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Legacy Account Migration Is Less Likely, Each Year

In 2012, Blogger ended support for legacy accounts.

This year, we see that account recovery does not support legacy accounts, any more. People who don't remember their legacy account names / passwords are now unable to migrate - and are unable to recover account access, so they can migrate.

Every year, any account which remains unmigrated is less likely to be accessible, by the owner. As that happens, and with account recovery not working for legacy accounts, migration won't be possible - and the account will be unusable.

For many blog owners with unmigrated accounts, legacy account migration is simply not possible.

Migration may not be technically possible.
Thanks to a combination of account identity confusion, and plain old forgetfulness causing inability to remember necessary details, successful migration is unlikely.

Add to those issues the general confusion about which accounts require migration - and we see the wisdom in Blogger dropping support for migration, in 2012.

If you need to migrate now, you may have waited too long.
If you have a dormant Blogger account, which may or may not be in need of migration, and you now see the need to migrate but can't, we feel for you - really. However, your inability to migrate now is a direct result of your inattentiveness 2010 - 2015.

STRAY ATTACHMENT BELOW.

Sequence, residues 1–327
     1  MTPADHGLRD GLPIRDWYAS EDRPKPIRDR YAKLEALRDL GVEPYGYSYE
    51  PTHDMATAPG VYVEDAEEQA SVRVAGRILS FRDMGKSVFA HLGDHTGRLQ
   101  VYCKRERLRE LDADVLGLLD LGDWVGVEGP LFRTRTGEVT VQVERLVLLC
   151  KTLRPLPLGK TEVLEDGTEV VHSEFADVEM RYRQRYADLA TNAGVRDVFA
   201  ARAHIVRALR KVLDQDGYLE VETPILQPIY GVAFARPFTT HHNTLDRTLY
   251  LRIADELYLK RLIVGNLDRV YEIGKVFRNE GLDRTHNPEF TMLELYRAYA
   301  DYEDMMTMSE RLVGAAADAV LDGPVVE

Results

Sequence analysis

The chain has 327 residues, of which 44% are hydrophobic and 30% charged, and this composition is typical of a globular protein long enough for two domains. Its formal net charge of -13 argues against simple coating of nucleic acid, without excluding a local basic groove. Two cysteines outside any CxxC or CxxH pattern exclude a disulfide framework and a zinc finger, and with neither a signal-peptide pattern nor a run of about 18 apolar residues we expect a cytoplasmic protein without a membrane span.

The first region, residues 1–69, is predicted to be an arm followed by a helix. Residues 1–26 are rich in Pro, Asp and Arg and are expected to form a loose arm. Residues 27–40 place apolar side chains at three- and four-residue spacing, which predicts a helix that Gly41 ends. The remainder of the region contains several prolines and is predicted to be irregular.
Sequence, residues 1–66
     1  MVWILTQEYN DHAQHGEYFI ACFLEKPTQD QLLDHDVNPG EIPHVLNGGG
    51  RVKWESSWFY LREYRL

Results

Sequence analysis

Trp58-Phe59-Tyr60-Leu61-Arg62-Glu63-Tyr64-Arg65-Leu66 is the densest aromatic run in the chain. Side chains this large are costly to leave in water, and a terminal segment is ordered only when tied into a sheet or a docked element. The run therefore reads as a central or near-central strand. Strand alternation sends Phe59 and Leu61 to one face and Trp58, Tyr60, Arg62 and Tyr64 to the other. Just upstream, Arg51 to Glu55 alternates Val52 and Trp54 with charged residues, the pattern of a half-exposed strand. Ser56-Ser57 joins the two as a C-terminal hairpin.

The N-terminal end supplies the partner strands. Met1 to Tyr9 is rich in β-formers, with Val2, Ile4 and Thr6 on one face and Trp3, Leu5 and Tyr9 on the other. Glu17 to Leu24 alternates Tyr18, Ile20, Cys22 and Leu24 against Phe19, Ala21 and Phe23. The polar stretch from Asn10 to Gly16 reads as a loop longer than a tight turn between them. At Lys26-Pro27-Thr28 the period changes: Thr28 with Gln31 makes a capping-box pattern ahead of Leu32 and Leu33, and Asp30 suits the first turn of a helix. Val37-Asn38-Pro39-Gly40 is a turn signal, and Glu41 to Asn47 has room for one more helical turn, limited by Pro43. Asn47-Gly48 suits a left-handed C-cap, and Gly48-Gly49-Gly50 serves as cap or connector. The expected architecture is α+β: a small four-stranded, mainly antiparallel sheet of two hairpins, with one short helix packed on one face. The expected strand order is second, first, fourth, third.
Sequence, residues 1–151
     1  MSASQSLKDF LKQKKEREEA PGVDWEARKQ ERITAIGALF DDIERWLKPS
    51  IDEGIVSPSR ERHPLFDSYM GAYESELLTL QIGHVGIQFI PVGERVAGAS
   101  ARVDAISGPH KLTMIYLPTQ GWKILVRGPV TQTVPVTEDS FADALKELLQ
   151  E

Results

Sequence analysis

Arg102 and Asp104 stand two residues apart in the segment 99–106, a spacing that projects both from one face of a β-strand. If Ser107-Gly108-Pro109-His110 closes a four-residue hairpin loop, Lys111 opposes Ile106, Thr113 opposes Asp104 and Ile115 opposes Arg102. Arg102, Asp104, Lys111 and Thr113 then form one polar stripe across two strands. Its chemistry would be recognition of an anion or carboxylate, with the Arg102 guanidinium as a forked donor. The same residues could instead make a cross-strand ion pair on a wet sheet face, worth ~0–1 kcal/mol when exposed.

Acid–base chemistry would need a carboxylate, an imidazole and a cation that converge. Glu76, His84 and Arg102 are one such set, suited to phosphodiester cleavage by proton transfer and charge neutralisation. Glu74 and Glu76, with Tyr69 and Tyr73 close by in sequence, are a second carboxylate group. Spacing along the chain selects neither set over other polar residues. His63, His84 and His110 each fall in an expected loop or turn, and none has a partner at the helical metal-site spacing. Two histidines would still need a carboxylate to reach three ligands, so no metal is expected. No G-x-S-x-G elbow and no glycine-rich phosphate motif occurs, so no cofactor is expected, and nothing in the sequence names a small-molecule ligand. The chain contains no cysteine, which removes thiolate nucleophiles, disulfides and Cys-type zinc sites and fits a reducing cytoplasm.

You should have migrated, by 2012. You ignored the repeated warnings - or maybe did not receive warnings, because of intentional or un intentional anonymity - and 3 years after migration support was ended, you are finally seeing the handwriting on the wall.

Unfortunately, it's simply too late. For some, 2012 may have been too late - and now, in 2015, it's too late for too many.

Some may manage to migrate, with enough effort - others may not need to do so.
It's possible that some folks may be able to recover / remember the necessary details, given enough time researching. And others won't need to migrate - though they may not realise that detail.

And too many simply won't be able to migrate.
If you do have a legacy account, yet unmigrated, you may want to consider an alternative policy. Time is not on your side - and it may simply be a waste of your time and money, to attempt migration.

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